GRAND RAPIDS, Mich. (WOOD) — Three people died in Lake Michigan in separate drownings Wednesday. This makes a total of 26 deaths in Lake Michigan so far this season.
While the lake can be dangerous any day, there are a few key reasons why Wednesday was so deadly.
NORTH WINDS PILE UP WATER
Lake Michigan typically sees the biggest waves when the wind is out of the north, south, or occasionally the west. Conversely, days with an east wind typically flatten out our side of the lake.
A north wind typically creates the worst conditions for West Michigan beaches. Lake Michigan is a long lake with most of its coastline running north to south. The lake is about 300 miles long. Wind coming down from the north will travel for dozens, if not hundreds of miles over the open water before arriving on shore.
As the wind travels over the water from north to south, it pushes the water forward. Water will continue to be pushed forward until it slams into something to stop it. In West Michigan, our piers and breakwaters typically stick out into the lake from east to west.
Water that is pushed into the piers becomes instantly rocky. Typically on a breezy day, the waves on the windward side of a pier will be much higher than those on the downwind side.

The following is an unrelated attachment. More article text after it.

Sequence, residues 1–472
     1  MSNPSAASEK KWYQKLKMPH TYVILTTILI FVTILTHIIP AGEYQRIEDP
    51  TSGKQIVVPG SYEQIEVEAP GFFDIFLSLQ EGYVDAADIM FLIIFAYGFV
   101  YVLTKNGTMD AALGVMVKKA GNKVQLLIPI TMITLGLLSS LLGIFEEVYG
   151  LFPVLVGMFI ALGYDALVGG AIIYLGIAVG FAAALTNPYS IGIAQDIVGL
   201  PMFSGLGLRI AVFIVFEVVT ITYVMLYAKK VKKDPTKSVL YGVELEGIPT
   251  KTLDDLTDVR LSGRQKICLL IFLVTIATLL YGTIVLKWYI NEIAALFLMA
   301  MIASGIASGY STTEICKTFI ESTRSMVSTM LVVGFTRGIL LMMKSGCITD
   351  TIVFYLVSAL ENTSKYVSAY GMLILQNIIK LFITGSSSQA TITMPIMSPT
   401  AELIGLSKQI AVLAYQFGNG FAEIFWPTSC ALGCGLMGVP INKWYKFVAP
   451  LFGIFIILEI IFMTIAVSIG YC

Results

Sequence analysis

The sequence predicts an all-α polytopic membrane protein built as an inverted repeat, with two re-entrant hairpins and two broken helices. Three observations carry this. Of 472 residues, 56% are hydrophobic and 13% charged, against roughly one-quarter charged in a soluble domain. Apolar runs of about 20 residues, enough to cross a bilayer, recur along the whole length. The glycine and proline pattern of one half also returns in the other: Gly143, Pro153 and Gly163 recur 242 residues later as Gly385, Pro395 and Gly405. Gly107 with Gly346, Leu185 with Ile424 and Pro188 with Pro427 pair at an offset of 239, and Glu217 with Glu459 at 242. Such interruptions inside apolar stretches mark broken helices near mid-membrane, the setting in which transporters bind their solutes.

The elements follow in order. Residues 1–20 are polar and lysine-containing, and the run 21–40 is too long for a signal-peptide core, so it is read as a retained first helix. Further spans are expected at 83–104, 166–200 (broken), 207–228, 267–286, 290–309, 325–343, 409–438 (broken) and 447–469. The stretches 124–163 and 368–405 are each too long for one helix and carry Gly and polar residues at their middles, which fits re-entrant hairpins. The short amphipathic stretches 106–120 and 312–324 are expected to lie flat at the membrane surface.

Both sides of the pier can still be dangerous due to structural water currents. Two of the drownings on Wednesday happened on the north side of piers in West Michigan. The third was in the Grand Haven channel.
THE WEATHER WAS ‘NICE’
Drownings typically happen in the summer when the weather is quiet. Showers, storms or waves more than four feet typically keep the beaches clear from dawn to dusk.
Days that are sunny and quiet allow visitors to let their guard down. When swimming in Lake Michigan, it is imperative to pay attention to the weather constantly. Weather can change quickly, and wind can arrive without a single cloud in the sky.
Frequently, wind from 100 feet or more above the ground can be mixed down to the surface in the afternoon. This happens due to convective currents from the sunshine helping to create a vertical mixing structure in the low levels of the atmosphere. When this occurs, the wind can often become gusty or even change directions.
Lake Michigan is also large enough to create its own weather. On warm, sunny, quiet days the air temperature above the lake water can be so different from what is occurring on land that it can create a wind current. Often in the summertime, the wind is pushed onshore in the afternoon due to the hot sand and still relatively cool water.